Wednesday, 11 November 2015

Dusseldorf, my favourite German city...

Butternut squash tortelloni at Rhubarb
I was sitting in Rhubarb, an air side restaurant at London City Airport, enjoying a light lunch, when I spotted the former leader of the Scottish Nationalists, Alex Salmond. What's he doing in England? Shouldn't he be sitting in some stone castle in the highlands of Scotland wearing war paint and a kilt while waxing the dolphin in front of a poster of Mel Gibson? Perhaps he was on his way home to do just that, I figured, tucking into a ridiculously small portion of plum crumble and ice cream.

And then, over the Tannoy, I heard "Would passenger Weller proceed to the main terminal?" Not the Modfather! I had visions of meeting the great man and berating him for closing down The Jam in favour of the Style Council with that Talbot bloke from the Merton Parkas. What a fucking liberty! But if it was the white-haired wizard of the 1980s mod revival, I never saw him. He certainly wasn't on my flight.

I love turbo props. Proper flying! And while it was a little bumpy heading out of London, once we'd cleared the low cloud, all was well with the world, especially when a couple of small bottles of Chilean Cabernet Sauvignon had been offered, along with a fairly inoffensive bag of crisps. I could have sat there reading (I had Mark Beaumont's The Man Who Cycled the World with me) but I chose to chill out instead, looking at the setting sun and the cotton wool clouds and generally taking in the view.

Plum crumble at Rhubarb...
The flight time to Dusseldorf is about an hour and by the time I'd enjoyed just one of the small bottles of wine given to me by the air hostess – yes, 'air hostess', you won't get any politically correct 'cabin crew' rubbish from yours truly – the plane was virtually on the ground. "The weather in Dusseldorf? Pretty much the same as it is here; a little low cloud..." as the pilot seems to say about virtually every place in the world that I ever land in. There are so many things that I now take for granted when I fly. One is that ''it's a pretty full flight, Mr Moggridge, so I'm afraid I can't offer you a window seat" and another is that the weather is always 'pretty much the same as it is here', meaning the UK. Not that such comments bother me. I'd be rather concerned if they started talking about hurricanes and severe storms, but so far I've been lucky on that score – apart from one flight from Dubai to Qatar at 0200hrs a couple of years ago. That was bad. I remember hearing the word 'turbulence' and then all hell broke loose. But I'm still here to tell the tale, so again, I'm not complaining.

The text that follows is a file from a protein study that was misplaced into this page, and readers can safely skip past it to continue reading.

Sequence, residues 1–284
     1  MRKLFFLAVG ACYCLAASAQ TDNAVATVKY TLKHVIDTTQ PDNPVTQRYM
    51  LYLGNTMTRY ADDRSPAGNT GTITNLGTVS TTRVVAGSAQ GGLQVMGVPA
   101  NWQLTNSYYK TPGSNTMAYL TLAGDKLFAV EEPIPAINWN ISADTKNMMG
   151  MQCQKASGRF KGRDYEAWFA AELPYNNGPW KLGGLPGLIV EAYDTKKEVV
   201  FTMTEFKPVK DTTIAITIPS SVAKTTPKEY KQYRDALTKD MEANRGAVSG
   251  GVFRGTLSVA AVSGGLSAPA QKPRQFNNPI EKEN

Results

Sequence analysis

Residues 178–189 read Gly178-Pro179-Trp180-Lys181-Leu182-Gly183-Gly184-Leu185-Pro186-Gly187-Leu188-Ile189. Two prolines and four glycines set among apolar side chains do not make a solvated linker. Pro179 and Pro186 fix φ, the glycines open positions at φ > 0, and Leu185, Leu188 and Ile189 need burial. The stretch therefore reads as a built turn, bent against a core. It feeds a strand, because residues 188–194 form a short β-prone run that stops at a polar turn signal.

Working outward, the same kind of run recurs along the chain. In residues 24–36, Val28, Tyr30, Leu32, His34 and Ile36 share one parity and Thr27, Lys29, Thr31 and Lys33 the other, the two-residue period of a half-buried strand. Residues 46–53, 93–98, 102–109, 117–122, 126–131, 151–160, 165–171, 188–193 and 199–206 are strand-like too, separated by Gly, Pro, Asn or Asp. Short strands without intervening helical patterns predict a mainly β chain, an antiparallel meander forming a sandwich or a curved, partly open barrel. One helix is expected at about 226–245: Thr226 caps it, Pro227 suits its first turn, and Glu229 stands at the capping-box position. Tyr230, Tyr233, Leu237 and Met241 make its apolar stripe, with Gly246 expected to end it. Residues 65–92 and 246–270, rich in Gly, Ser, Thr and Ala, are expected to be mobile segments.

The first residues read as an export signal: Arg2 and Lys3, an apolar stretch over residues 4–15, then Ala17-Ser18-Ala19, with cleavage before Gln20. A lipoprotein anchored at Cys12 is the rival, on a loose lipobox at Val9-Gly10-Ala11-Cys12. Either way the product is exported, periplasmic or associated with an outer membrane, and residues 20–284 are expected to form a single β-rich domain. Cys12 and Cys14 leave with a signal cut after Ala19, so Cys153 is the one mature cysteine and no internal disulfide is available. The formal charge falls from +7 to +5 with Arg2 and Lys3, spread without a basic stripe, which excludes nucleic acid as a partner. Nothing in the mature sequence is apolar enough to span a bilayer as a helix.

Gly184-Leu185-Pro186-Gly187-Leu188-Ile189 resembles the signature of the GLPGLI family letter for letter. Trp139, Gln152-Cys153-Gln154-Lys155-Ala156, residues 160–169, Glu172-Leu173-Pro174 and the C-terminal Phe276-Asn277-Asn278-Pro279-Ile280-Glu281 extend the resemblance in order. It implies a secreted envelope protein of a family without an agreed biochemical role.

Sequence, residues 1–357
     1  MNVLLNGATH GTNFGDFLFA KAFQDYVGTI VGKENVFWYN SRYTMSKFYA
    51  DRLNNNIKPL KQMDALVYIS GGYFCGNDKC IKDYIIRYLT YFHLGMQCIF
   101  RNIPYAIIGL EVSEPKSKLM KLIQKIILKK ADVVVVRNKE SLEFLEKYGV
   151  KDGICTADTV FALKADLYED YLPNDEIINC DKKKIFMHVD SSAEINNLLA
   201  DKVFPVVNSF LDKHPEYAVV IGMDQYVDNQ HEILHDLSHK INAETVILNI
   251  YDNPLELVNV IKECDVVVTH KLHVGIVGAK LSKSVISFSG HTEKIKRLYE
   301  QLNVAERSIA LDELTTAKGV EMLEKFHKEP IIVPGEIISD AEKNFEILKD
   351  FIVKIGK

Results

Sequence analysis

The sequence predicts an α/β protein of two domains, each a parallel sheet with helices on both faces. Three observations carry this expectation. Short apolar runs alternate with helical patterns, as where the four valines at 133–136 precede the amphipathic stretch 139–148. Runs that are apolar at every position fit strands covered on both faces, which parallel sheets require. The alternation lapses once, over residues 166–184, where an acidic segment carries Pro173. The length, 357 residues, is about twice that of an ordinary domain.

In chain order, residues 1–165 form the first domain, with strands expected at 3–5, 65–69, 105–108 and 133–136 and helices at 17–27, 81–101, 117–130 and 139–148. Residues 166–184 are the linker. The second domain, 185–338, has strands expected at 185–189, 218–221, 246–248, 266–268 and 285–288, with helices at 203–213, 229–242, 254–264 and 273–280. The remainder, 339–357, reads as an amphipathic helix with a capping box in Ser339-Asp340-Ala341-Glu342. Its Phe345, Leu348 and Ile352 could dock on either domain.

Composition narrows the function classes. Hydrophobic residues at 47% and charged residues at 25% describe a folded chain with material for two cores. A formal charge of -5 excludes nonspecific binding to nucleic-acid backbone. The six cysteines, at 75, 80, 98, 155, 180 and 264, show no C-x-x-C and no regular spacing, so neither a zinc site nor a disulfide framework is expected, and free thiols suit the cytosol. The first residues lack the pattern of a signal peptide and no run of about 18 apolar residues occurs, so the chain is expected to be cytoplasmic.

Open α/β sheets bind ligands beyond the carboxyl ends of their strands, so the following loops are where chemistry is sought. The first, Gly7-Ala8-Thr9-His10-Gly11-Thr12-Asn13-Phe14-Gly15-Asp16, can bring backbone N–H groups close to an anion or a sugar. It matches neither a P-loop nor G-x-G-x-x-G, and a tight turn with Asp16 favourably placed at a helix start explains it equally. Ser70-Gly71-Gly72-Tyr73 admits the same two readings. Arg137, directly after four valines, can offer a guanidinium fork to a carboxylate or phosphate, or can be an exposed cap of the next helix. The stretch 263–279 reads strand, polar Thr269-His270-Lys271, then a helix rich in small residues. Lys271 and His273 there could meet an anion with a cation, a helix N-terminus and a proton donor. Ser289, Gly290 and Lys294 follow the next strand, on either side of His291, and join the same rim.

Through the clouds over London...
Once off the plane and through customs I sat at a place called Gusto Ice Cream and enjoyed a relaxing cup of tea, although I forgot that, when in Europe, I don't really get a decent cuppa. For a start, they bring out a box of tea bags, like a humidor, offering a wide selection of flavours including the all-singing, all-dancing and terribly bog standard English Breakfast. Then they hand over a portion pack or two of coffee creamer – where's the milk? It's simply not cricket.

I took a taxi to the hotel, the Schnellenburg, which is right on the banks of the Rhine and in front of the convention centre where I will be tomorrow for most of the day. I've never stayed here before, but I have eaten here (and taken a dump!) The food is good, but I can't remember the state of the public conveniences, although they must have been perfect as I have no witty anecdote to impart.

And now here I am, sitting in my room watching CCTV. No, not closed circuit television but some kind of African television station. Let's see, what's happening? AB InBev is to buy SAB Miller for $107 billion. Who cares? Nissan plans to double South Africa output with a new model. Who gives a damn? UK unemployment falls to its lowest level since, well, I can't remember. But it's worth remembering that the whole thing is a con. They probably include people on apprenticeships who, as far as I can make out, are taken on at below minimum wage, are given a load of menial tasks to do, like cleaning out the bog after the CEO has taken a dump, and are then 'sacked' just before they should be taken on as full time members of staff. Travesty! Cameron simply has to go. I mean how come the Tories were only supported by 37% of the electorate but still managed to take 51% of the seats in Parliament? We don't want the Tories! Get rid of them! Wear a Guido Fawkes mask! Go on the rampage! Armed struggle! Burn a copy of the Daily Mail!